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VA To Probe Malaria Drug's Effects

Apr 13, 2004 | UPI The Veterans Administration says it will review health effects of an anti-malaria drug given to thousands of U.S. troops.

The review of Lariam comes six weeks after the Pentagon announced its own study of whether the drug has caused mental illness and suicide. The two studies suggest the government's concern about possible effects of the drug is quickening after years of defending it as safe.

"There has been a lot of attention to possible long-term health problems, including the possibility of an association with suicide and violent behavior among service members," Department of Veterans Affairs spokeswoman Karen E. Fedele told United Press International.

A VA "white paper" on Lariam provided by Fedele says the department "will need to develop a well-grounded response to concerns among veterans, their families, Congress, the media and others about possible long-term health effects among Operation Iraqi Freedom and Operation Enduring Freedom veterans from taking the antimalarial drug mefloquine (Lariam)."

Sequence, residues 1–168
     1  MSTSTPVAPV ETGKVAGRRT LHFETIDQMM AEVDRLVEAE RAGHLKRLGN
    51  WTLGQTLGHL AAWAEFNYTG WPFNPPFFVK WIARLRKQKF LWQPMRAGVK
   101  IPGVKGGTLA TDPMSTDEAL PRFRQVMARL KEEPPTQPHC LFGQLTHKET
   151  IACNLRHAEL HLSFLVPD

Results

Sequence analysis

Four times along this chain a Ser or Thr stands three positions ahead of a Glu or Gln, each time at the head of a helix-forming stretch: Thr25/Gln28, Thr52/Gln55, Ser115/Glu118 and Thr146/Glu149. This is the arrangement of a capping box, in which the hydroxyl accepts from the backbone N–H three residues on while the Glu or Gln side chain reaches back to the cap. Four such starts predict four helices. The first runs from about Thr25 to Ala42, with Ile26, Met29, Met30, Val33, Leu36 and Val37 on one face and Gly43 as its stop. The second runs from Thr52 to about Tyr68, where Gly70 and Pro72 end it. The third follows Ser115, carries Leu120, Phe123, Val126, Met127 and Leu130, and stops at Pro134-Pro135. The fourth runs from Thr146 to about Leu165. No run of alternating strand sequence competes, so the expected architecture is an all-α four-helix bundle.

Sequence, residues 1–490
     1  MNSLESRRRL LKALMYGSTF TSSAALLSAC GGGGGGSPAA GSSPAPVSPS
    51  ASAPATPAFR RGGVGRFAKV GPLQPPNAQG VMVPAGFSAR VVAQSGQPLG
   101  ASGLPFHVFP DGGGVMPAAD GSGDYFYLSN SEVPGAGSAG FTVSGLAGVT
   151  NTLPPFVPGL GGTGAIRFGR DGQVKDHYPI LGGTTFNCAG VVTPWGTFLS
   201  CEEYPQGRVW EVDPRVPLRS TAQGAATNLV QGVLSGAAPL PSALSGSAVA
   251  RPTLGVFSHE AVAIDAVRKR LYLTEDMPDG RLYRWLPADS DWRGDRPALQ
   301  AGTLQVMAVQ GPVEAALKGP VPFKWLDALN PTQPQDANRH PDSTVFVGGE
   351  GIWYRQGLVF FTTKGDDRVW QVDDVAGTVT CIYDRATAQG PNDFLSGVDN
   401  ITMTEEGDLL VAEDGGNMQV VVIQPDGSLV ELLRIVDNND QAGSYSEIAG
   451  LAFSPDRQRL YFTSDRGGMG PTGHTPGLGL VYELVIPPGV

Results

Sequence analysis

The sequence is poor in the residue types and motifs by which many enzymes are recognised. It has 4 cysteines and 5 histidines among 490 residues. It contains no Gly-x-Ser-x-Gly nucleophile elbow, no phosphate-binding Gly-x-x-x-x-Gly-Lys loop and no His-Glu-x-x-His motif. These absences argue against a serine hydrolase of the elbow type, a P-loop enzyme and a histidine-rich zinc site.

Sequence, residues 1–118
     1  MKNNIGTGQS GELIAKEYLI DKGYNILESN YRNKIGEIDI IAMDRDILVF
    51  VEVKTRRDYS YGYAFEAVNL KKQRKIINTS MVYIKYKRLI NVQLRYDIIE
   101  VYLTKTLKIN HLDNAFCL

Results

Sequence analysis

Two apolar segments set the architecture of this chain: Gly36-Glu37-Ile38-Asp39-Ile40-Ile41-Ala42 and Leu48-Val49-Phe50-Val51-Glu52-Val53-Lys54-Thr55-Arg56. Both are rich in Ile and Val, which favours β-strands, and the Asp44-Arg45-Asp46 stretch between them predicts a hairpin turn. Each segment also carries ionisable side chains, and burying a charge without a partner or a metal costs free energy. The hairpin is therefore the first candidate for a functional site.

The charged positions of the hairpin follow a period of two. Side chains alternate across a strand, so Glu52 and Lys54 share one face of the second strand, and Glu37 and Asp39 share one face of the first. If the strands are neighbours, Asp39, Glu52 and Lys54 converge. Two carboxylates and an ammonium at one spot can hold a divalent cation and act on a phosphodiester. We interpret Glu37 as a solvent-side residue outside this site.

UPI reported first n May 2002 that mounting evidence suggests the drug, known generically as mefloquine, has triggered such severe mental illness that in a number of cases it has led to suicide. In an ongoing investigation, UPI quoted soldiers who served in Somalia and elsewhere beginning in the early 1990s who said the drug had caused long-term problems.

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